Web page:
Hey did you know that the shutter/exposure times marked on your camera are often incorrect? Sometimes they are out by as much as two seconds!!
I discovered this the hard way by trial and error but now that I think a little more about it, it makes perfect, if confusing, sense.
When we change the exposure on a camera we generally move up or down in fractions of Stops. But just what is a ‘Stop’?
It’s not really anything really, it’s not like a centimetre or a temperature - what actually does it represent?
I like to describe it as a mark on a scale and not as any particular point. It is useful in photography because the scale we are talking about is the relative change in image brightness caused by adjusting values that affect exposure.
These values are Aperture and Shutter Speed and as far as the real values are concerned, the actual measurements, they don’t really relate to each other that well. What does it mean for Aperture, for example, if a shutter is open a fraction of a second longer? They don’t relate because one is a measure of time and the other is a ratio related to area and focal length.
This is where Stops come into their own. A Stop simply means an equivalent change in exposure on either of these two scales. We move up or down to a different mark on the scale, the precise value of the mark is not as important as its meaning: The meaning is that a move of one Stop on one scale has the same effect as a move of one Stop on the other scale.
Did I just complicate a simple concept? I hope not!!
A Stop is a doubling or halving of the (I hesitate to use the word) ‘amount’ of light. The light is adjusted by either doubling/halving exposure time (shutter) or doubling/halving the area of the Aperture.
So how come this is inaccurate on your camera? Well, I’d guess it was done to simplify things and I’d also guess that, at least for film, it didn’t make much difference (because of the way film behaves with over exposure - i.e over exposure is not that bad whereas for digital it IS bad).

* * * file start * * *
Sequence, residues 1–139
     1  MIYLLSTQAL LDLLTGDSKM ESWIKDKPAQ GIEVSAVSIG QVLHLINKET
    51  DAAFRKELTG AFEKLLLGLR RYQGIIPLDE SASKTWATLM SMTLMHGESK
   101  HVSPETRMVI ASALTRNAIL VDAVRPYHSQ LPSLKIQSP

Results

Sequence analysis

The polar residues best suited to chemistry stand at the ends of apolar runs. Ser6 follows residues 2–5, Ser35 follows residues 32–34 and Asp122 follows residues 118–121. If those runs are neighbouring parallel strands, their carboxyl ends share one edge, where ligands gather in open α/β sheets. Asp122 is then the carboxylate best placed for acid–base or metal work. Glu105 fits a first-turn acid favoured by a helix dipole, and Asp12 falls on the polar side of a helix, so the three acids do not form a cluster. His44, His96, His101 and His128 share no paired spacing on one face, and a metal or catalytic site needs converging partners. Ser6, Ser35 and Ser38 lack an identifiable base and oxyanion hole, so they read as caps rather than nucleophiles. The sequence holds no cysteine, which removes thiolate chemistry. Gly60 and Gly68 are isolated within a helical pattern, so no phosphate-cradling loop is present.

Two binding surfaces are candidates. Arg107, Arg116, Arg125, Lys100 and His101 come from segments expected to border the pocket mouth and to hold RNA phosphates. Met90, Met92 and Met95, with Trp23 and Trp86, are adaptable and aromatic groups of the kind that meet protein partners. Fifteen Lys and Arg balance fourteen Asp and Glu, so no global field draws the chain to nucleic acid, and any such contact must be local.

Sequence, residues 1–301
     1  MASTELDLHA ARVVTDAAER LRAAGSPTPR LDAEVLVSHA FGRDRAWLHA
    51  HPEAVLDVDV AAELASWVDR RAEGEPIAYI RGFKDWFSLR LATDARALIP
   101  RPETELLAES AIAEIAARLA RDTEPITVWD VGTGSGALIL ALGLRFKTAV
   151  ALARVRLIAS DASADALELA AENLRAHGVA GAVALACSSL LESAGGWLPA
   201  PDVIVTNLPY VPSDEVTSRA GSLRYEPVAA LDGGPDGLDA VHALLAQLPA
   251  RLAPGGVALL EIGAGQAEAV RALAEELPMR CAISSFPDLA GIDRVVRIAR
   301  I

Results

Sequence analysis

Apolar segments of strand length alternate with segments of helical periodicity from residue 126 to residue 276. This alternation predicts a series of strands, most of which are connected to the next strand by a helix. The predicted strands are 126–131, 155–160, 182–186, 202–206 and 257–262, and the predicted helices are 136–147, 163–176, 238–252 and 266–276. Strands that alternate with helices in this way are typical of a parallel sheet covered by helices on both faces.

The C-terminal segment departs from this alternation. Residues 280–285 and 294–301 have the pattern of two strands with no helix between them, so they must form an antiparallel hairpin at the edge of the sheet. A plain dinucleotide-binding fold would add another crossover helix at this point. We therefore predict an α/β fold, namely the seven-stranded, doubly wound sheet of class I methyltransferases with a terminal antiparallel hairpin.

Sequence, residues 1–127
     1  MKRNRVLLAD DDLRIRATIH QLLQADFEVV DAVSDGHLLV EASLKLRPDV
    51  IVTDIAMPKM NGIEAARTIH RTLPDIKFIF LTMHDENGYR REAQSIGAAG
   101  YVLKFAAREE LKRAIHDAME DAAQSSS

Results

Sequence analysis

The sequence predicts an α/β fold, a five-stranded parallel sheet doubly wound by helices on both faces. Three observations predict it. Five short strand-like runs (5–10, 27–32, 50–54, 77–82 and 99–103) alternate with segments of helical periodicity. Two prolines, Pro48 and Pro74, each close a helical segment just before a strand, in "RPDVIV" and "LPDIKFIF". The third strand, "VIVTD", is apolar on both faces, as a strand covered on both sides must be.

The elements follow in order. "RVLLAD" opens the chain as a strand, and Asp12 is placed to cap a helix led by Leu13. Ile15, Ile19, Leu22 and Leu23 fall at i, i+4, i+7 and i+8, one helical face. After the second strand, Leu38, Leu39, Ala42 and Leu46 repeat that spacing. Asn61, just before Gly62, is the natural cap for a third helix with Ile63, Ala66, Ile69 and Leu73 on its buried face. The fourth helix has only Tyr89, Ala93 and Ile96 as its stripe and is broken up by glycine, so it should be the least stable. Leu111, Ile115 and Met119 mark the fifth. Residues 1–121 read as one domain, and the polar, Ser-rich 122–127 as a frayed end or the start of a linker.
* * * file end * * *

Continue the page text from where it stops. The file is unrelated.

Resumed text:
Let’s take an exposure of 1 second. To move one Stop up we need to double it. Fine, we get two seconds.
Double it again and we get 4 seconds. Once more, we get 8 seconds. Double again and we get 16, finally, doubled again we get 32 seconds.
If you haven’t cottoned on, let me ask you, can you find 16 and 32 seconds on your camera?
To be fair, this never bothered me in the least until I started to get into timelapse and astro, because both of these pursuits employ accurate intervalometers or require an accurate shutter duration (to prevent star trailing).
Once we start to try to make a bunch of equipment talk to each other, or run to the same timings then the fact that the indicated exposure on the camera is inaccurate becomes a little bit of a mystery.
One starts to question one’s sanity. Why does the rail start moving before the exposure is complete (accompanied by much gnashing of teeth)?
Why are my stars trailing (displaying movement) after my painstaking calculations of exposure time?
Well, the answer is simple. It’s because 2 x 8 is 16 and not 15. And 2 x 16 is 32 and not 30.
When your camera fires at 15 seconds, it is actually open for 16. The same is true at 30 seconds. It is really 32. Time it, I dare you!
I haven't checked but I would also wager the same is true of the fractional exposures. 1/15th, 1/30th 1/60th, 1/125th and on...
I'd agree that displaying a speed of 1/8192th of a second might be a little pedantic. It certainly would not affect our rail or intervalometer timings the way the inaccuracy at the other end of the scale does.